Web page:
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8 minutes ago, JoelKatz said:

I expect the role of IOUs on RCL to reduce over time. This assumes that there exist robust ILP exchanges that are at least as good as RCL's internal order book and pathfinding.

"I expect the role of IOUs on RCL to reduce over time" Doesn't that inherently mean reducing the role of XRP? or do you see XRP directly be traded to those other ILP exchanges?

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Just now, kanaas said:

"I expect the role of IOUs on RCL to reduce over time" Doesn't that inherently mean reducing the role of XRP? or do you see XRP directly be traded to those other ILP exchanges?

It will reduce the role of XRP in bridging RCL IOUs. RCL's role would shift more to grounding XRP. XRP"s role would shift more to bridging ILP transactions. If XRP is going to be the perfect bridge currency, then RCL will have to be the perfect ledger to ground a bridge currency. That's why you're seeing features like multisign and SusPay.

I don't see us removing RCL's order books, custom currency, or community credit features any time soon. But I do expect the role they play to shrink.

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42 minutes ago, JoelKatz said:

In the order you asked:

This is kind of like asking why music download services will succeed if musicians prefer to sell CDs. Ultimately, it won't matter what they prefer. Those who insist on options that cost more will lose market share to those who don't. The primary advantage of XRP over some kind of fiat is that it's jurisdiction neutral -- it doesn't require you to enter into an arrangement with one particular counterparty.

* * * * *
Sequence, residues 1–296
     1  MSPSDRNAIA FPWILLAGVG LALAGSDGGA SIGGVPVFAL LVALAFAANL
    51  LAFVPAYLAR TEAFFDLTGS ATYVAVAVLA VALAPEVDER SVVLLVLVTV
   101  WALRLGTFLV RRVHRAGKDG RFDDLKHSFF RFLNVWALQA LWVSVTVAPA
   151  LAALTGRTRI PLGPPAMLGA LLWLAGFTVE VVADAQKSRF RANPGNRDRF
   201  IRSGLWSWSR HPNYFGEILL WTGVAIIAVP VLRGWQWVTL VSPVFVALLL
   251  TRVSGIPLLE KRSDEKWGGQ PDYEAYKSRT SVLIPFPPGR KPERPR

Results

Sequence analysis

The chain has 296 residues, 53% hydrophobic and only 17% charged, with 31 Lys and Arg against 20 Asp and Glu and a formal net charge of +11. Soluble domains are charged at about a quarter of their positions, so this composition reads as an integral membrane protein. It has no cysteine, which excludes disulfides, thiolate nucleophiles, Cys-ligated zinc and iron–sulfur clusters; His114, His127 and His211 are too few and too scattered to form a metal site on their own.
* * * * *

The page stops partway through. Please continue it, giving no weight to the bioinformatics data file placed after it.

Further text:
This is a cruciale point: why on ILP using XRP as bridge should be less expensive than using USD of a private ledger? I see the same costs. Or even lower risks in using USD associated to volatility for MMs (that transates into a cost).

About XRP neutral I agree but I don't know if that is and advantage or not when operating with banks.

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6 minutes ago, tulo said:

This is a cruciale point: why on ILP using XRP as bridge should be less expensive than using USD of a private ledger? I see the same costs. Or even lower risks in using USD associated to volatility for MMs (that transates into a cost).

About XRP neutral I agree but I don't know if that is and advantage or not when operating with banks.

What about irreversibility?

Another point is that USD requires an issuer, so for USD to work as a global bridge, there should be a common issuer for everyone (the Fed issuing directly in a ILP-enabled very accessible ledger). Otherwise there would be a lot of USD<>USD markets, and this fragmentation would increase friction and costs.

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Also a global counterparty-free bridging unit needs to be 24/7, 365. Private ledgers can't easily do this, there are associated costs, and speed/regulatory concerns. With XRP you at least always know what to expect; you don't need to rely on one issuer for uptime and that their private ledger won't freeze up for some reason e.g. in escrow.

Also thinking aloud here, but with XRP wouldn't you get the best pathfinding connection? E.g. right now, think abut autobridging. I asked the Ripple guys when it was announced whether it would be possible to use an IOU-only path. It would be, if I remember correctly them saying, but it's presumably an exponentially greater number of combinations/variables in doing so (and thus probably laggier), than in simply looking up XRP first, and finding connecting paths out from there. Well, wouldn't ILP function similarly? Except instead of looking at RCL books, you're "scanning" out via XRP across Interledger connections to find a suitable path. Which XRP will be ground-up perfectly designed to do.

Might be way off there...

Edited by rippledigital

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19 hours ago, tulo said:

This is a cruciale point: why on ILP using XRP as bridge should be less expensive than using USD of a private ledger? I see the same costs. Or even lower risks in using USD associated to volatility for MMs (that transates into a cost).

About XRP neutral I agree but I don't know if that is and advantage or not when operating with banks.